Homes - Renovating

Return on renovation costs: How much will you get back?

By
Isabelle Ducas

Projects that can increase -- or decrease -- the value of your home.

One rule seems to apply in all cases: avoid projects that will set your house apart from other properties in your neighbourhood.

The Appraisal Institute of Canada posts this warning on its website: “If the value of your house exceeds the average market value in your neighbourhood, your renovations will not yield much return. But if your house value is below the average, you can recover a larger part of the renovation costs.”

Also bear in mind that the amount spent on renovation projects should be relative to the value of the dwelling: A $30,000 remodelled bathroom does not belong in a $100,000 house.

SEVEN hot home-improvement trends
- Home theatre
- Hardwood floor in kitchen
- Laundry room on main floor
- Whirlpool bath
- Built-in kitchen appliances
- Office on the ground floor
- Kitchen island

Percentage recovered upon resale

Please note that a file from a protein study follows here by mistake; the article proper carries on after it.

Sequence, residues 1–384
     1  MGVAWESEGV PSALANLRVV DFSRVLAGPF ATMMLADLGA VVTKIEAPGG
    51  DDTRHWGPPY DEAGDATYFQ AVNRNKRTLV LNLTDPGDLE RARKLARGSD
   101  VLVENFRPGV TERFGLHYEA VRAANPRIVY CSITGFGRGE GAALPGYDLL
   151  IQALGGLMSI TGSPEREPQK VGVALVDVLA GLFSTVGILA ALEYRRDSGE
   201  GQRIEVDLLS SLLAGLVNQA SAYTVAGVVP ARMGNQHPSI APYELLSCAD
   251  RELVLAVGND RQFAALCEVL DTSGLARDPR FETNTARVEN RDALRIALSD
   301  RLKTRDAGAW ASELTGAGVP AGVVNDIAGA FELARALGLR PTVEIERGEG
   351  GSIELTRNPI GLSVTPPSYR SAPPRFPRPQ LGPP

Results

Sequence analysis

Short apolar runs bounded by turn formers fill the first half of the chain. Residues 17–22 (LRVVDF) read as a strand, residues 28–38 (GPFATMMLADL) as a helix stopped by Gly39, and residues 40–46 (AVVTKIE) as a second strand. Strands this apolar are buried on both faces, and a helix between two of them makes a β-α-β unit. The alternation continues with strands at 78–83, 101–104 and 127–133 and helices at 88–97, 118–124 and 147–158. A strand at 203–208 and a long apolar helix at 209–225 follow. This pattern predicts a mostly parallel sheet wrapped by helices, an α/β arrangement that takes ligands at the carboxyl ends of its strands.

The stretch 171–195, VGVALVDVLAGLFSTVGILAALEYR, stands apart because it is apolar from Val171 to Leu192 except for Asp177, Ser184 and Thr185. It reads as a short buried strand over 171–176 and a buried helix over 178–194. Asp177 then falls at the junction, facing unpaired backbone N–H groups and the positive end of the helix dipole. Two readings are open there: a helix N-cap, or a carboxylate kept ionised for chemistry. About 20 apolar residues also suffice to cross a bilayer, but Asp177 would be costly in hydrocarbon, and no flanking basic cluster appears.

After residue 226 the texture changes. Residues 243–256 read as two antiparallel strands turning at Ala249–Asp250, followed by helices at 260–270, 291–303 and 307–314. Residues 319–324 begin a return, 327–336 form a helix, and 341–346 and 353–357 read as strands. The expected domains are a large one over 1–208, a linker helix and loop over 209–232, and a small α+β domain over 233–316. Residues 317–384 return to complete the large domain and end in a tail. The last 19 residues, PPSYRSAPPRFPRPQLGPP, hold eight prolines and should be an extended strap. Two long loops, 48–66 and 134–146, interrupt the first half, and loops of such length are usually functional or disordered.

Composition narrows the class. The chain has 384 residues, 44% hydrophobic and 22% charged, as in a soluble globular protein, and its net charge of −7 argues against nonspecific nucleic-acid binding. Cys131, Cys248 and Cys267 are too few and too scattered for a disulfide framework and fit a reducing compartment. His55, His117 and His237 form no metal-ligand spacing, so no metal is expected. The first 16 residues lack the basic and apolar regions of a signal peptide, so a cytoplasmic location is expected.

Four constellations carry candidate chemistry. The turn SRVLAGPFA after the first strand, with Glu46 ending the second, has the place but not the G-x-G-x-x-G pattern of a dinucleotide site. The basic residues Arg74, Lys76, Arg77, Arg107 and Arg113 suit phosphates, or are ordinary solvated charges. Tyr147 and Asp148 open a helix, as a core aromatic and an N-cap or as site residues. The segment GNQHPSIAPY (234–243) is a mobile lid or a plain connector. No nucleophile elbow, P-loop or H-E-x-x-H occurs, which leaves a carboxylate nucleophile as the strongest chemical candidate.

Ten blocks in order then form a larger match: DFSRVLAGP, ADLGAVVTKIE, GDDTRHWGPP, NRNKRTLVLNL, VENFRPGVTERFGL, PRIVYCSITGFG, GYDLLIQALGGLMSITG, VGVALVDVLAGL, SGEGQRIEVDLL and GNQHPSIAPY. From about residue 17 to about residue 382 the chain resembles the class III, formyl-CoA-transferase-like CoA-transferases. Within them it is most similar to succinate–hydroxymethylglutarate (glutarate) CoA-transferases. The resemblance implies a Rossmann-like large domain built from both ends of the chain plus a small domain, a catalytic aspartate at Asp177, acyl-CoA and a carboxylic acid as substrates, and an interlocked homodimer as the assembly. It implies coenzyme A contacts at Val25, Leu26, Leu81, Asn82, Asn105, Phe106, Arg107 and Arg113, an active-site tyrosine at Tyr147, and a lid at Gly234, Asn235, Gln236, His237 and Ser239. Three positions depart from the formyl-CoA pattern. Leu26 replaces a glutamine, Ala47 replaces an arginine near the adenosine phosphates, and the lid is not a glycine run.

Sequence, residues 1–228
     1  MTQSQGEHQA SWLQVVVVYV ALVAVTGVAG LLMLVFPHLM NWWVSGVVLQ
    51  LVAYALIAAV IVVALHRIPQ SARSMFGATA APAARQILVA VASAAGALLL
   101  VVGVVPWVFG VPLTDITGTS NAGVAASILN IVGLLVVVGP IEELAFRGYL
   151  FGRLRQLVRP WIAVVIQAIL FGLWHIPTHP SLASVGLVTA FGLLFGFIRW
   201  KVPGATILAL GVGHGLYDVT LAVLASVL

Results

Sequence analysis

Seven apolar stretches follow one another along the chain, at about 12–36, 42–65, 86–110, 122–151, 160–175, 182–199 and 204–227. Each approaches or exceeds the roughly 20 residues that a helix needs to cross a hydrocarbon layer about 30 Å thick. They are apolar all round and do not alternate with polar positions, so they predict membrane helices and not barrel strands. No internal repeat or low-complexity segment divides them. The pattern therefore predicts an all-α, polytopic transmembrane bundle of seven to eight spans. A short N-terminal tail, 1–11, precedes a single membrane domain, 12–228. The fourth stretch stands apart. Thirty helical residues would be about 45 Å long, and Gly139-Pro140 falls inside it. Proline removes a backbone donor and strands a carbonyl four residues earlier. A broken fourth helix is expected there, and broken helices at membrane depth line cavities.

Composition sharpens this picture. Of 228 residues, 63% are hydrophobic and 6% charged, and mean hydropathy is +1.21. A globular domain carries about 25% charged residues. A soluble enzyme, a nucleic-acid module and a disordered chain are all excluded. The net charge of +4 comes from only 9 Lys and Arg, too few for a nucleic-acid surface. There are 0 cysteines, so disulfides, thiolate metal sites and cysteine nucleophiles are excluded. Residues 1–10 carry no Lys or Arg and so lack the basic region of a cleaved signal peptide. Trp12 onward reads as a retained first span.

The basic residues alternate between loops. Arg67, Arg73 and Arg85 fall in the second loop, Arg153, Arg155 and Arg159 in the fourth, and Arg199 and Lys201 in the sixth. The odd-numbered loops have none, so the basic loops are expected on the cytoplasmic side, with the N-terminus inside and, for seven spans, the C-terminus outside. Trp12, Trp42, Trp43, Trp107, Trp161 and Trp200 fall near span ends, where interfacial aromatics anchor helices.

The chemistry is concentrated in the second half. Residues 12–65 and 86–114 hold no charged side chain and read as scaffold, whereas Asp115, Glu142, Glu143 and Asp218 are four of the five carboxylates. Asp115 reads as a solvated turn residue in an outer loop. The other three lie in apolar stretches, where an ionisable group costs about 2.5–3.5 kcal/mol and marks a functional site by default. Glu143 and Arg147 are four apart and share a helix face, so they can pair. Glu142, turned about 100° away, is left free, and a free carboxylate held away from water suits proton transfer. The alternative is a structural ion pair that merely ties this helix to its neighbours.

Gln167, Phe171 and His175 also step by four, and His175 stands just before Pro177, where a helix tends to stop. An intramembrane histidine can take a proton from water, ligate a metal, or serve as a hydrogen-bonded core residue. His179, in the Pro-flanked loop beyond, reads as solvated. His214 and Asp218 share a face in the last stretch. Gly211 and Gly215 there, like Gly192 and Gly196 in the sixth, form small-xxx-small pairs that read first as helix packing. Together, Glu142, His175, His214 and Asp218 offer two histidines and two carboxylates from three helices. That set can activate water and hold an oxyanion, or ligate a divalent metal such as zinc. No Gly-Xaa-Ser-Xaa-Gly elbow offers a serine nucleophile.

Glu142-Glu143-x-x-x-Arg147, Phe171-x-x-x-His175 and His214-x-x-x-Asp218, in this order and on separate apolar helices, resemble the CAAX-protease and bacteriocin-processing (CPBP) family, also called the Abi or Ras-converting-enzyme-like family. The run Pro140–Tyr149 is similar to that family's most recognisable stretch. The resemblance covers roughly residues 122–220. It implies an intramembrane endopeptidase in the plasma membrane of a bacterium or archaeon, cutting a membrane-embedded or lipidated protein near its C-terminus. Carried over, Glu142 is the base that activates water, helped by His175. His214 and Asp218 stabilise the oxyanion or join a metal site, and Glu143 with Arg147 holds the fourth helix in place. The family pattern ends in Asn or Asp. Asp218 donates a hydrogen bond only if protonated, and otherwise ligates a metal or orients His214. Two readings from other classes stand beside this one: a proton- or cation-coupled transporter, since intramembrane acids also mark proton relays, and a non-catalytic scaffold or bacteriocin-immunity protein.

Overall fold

Kitchen upgrade: 75% to 100%
Bathroom upgrade: 75% to 100%
Interior painting: 50% to 100%
Roof replacement: 50% to 80%
Replacement of furnace or heating system: 50% to 80%
Expansion (addition of family room): 50% to 75%
Doors and windows: 50% to 75%
Deck: 50% to 75%
Installation of hardwood floor: 50% to 75%
Construction of a garage: 50% to 75%
Fireplace (wood or gas) 50% to 75%
Central air conditioning: 50% to 75%
Finished basement: 50% to 75%
Wood fence: 25% to 50%
Interlocking paving stones on driveway: 25% to 50%
Landscaping: 25% to 50%
Asphalt driveway: 20% to 50%
Pool: 10% to 40%
Skylights: 0% to 25%

Read more in Homes and Renovating

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